Aberrant epithelial-mesenchymal transition (EMT) is involved in development of fibrotic disorders and cancer invasion. Alterations of cell-extracellular matrix interaction also contribute to those pathological conditions. However, the functional interplay between EMT and cell-extracellular matrix interactions remains poorly understood.Wenow show that the inflammatory mediator tumor necrosis factor-α (TNF-α) induces the formation of fibrotic foci by cultured retinal pigment epithelial cells through activation of transforming growth factor-β (TGF-β) signaling in a manner dependent on hyaluronan-CD44-moesin interaction. TNF-α promoted CD44 expression and moesin phosphorylation by protein kinase C, leading to the pericellular interaction of hyaluronan and CD44. Formation of the hyaluronan-CD44-moesin complex resulted in both cell-cell dissociation and increased cellular motility through actin remodeling. Furthermore, this complex was found to be associated with TGF-β receptor II and clathrin at actin microdomains, leading to activation of TGF-β signaling. We established an in vivo model of TNF-α-induced fibrosis in the mouse eye, and such ocular fibrosis was attenuated in CD44-null mice. The production of hyaluronan and its interaction with CD44, thus, play an essential role in TNF-α-induced EMT and are potential therapeutic targets in fibrotic disorders. © 2010 by The American Society for Biochemistry and Molecular Biology, Inc.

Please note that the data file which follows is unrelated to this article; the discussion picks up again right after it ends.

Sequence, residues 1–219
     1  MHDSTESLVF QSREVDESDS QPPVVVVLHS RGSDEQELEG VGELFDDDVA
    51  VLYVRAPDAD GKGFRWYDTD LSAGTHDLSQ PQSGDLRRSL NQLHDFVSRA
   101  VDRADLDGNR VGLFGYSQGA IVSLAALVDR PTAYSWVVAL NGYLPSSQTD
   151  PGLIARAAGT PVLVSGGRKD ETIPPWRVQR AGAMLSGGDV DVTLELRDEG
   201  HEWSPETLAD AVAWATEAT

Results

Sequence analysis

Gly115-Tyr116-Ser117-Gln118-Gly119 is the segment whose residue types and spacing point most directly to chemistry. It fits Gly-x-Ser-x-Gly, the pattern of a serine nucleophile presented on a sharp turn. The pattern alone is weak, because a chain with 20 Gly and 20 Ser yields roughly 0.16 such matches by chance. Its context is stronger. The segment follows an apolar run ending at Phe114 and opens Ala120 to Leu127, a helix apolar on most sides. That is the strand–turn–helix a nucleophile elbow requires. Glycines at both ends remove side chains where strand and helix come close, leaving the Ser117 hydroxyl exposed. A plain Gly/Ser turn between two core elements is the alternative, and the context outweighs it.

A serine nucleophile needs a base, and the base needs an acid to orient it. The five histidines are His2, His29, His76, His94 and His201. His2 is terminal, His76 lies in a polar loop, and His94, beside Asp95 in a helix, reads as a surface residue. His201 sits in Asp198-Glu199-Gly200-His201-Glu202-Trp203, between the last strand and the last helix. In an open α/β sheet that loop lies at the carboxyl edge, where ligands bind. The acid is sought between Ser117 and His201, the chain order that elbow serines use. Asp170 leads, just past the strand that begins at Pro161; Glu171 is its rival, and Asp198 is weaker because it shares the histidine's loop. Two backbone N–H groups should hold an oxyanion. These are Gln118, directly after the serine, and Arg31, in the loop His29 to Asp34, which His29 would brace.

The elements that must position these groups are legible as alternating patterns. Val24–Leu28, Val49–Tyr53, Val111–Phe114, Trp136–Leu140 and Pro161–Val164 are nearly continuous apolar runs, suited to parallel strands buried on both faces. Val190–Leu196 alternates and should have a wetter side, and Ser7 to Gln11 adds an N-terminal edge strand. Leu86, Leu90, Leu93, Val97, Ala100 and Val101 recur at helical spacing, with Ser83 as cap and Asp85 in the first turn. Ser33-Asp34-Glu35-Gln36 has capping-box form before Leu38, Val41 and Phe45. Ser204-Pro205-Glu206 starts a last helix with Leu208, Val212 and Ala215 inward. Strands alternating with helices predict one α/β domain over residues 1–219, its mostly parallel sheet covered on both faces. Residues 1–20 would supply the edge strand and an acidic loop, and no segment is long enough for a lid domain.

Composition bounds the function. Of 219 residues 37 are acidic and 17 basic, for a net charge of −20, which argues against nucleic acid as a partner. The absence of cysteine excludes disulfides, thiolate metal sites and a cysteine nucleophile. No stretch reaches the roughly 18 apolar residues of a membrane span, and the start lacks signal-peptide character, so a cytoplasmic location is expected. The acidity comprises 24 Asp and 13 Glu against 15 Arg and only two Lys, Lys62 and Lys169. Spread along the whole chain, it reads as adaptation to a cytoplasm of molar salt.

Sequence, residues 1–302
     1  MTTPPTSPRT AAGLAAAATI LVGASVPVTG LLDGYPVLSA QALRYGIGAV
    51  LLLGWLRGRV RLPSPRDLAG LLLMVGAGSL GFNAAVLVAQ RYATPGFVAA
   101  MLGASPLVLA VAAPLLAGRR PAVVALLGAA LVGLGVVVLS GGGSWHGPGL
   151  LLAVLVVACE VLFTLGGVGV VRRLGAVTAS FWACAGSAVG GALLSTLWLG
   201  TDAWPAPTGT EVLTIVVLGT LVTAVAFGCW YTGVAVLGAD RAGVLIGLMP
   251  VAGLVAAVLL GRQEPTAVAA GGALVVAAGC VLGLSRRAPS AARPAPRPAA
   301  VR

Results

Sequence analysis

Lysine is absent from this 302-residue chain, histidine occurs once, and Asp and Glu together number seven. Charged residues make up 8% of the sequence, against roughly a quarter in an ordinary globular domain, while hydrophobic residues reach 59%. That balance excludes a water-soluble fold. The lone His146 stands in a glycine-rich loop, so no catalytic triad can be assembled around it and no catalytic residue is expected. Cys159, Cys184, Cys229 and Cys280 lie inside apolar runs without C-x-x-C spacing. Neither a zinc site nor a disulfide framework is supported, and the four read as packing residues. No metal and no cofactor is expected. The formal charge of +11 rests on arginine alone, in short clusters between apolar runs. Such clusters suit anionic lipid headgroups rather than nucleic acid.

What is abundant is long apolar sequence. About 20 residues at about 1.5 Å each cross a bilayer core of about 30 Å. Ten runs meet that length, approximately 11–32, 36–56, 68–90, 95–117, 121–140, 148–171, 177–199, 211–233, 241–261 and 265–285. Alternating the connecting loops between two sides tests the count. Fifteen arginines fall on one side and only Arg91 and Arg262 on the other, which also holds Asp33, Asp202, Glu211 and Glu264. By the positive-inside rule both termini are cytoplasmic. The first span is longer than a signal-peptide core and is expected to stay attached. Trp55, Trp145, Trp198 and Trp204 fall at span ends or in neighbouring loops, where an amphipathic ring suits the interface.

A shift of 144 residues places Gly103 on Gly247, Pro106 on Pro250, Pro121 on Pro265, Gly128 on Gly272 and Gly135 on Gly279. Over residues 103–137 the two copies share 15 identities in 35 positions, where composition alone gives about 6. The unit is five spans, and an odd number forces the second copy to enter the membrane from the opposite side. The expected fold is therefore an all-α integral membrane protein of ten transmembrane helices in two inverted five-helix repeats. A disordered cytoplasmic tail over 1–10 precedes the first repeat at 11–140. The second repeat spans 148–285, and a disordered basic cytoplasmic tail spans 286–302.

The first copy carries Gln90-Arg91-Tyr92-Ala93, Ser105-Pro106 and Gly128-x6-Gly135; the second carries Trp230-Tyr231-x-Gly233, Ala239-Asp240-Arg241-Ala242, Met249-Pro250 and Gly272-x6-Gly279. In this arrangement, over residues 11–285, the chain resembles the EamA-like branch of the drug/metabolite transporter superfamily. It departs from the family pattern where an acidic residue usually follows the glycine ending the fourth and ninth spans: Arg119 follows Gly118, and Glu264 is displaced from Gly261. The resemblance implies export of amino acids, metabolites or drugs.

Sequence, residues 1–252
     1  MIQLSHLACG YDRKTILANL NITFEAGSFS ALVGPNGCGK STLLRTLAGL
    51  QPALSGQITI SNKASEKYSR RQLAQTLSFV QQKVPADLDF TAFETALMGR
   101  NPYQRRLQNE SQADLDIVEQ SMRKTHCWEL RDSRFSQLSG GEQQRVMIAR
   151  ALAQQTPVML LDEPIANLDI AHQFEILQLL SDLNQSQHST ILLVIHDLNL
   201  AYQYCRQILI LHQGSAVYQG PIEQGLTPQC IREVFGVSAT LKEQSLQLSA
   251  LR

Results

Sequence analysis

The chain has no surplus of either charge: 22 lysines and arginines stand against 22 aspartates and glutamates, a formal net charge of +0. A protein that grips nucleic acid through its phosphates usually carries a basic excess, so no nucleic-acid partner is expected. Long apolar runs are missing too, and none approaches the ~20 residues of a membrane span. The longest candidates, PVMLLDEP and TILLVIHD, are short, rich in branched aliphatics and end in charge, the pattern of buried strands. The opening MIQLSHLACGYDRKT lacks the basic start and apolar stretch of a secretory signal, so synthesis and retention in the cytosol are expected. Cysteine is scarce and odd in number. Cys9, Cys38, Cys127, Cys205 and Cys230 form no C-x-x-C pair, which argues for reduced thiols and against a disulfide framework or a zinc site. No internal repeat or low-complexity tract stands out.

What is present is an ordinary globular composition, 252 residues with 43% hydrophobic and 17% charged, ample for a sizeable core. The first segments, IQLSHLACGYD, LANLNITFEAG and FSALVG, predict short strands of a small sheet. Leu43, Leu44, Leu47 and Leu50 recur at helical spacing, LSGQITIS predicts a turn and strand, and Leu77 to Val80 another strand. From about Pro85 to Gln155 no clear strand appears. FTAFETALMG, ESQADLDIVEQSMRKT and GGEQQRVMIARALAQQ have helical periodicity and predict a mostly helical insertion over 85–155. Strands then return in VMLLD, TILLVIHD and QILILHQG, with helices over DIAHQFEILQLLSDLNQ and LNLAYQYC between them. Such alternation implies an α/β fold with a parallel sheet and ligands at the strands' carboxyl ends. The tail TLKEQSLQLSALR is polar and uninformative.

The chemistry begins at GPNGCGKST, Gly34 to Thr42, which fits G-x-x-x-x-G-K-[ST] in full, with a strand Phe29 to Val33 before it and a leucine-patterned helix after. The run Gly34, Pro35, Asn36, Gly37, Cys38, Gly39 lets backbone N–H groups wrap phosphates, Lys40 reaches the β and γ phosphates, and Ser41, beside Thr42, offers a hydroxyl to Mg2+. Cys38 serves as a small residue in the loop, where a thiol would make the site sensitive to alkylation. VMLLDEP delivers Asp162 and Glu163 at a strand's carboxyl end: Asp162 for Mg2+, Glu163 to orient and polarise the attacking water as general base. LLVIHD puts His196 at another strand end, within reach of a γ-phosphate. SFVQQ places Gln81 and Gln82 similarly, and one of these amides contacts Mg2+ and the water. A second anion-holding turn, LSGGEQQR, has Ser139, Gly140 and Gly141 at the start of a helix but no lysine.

LINK Development | Date: 2012-04-17
Carts; Electric cars; Fork lift trucks; Land vehicles; Railway cars; Tires for vehicles; Trailers; Trolleys; Trucks; Vehicle seats.
Anwar A.,Software Engineering Competence Center |
Kamel A.A.,Cairo University |
Ahmed E.,LINK Development
ACM International Conference Proceeding Series | Year: 2016